Oral health is very important. If oral health is neglected, it can cause serious problems, and even have implications for total body health. Thus, regular dental visits are critical.
The American Dental Association recommends a dental visit every six months for optimal maintenance of teeth and gums. It is also vital to be diligent in personal upkeep of oral health by brushing teeth at least two times per day for a minimum of two minutes, flossing teeth daily, and avoiding excessive sugar and other foods abrasive to tooth enamel.
However, even exceptional personal diligence cannot replace regular dental visits. Here’s what goes on at a typical visit to your dentist. The dental or dental hygienist will perform a thorough cleaning of your teeth, examine the health of your gums, and inspect your mouth for any indications of oral cancer or vitamin deficiencies. Dentists will also examine your teeth for buildup of plaque or tartar, which can build up very quickly between dental visits if excellent personal oral hygiene is not practiced.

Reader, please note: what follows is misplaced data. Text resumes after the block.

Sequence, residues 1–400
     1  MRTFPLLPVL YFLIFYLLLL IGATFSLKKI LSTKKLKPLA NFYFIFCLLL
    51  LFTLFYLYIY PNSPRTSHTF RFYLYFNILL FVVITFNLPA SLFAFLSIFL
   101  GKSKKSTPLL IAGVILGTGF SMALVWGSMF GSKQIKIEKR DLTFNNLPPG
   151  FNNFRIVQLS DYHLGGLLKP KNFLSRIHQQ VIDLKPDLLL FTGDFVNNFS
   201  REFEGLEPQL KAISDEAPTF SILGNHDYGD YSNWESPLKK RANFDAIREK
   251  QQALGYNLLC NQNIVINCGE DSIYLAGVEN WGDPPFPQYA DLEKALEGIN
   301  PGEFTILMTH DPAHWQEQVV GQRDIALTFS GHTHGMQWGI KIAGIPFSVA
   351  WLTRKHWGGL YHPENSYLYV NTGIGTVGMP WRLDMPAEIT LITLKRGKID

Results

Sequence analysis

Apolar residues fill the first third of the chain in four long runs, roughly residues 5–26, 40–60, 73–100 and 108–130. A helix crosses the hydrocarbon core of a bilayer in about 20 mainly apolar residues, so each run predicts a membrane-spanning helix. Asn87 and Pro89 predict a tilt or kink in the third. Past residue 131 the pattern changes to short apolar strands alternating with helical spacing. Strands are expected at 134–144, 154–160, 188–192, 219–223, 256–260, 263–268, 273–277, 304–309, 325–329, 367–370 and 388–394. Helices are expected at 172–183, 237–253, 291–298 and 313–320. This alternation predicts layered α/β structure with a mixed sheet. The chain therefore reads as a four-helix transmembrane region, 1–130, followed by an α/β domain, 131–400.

Plaque is a sticky, colorless layer of bacteria, and if it is not removed, it can harden and become tartar. Buildup of plaque and tartar can cause oral diseases. The dentist will also check for broken teeth, damaged fillings, or other tooth decay. This is important because of the repercussions of letting these things go untreated. If tooth decay is not promptly taken care of, the decay can continue to the center of the tooth, where nerves and blood vessels supply the tooth.
If decay reaches the center, the tooth will likely die, triggering the need for much more extensive and costly dental care. Untreated tooth decay can also lead to gum disease. So, to avoid these problems and obtain your optimal oral health, make sure to visit a dentist every six months.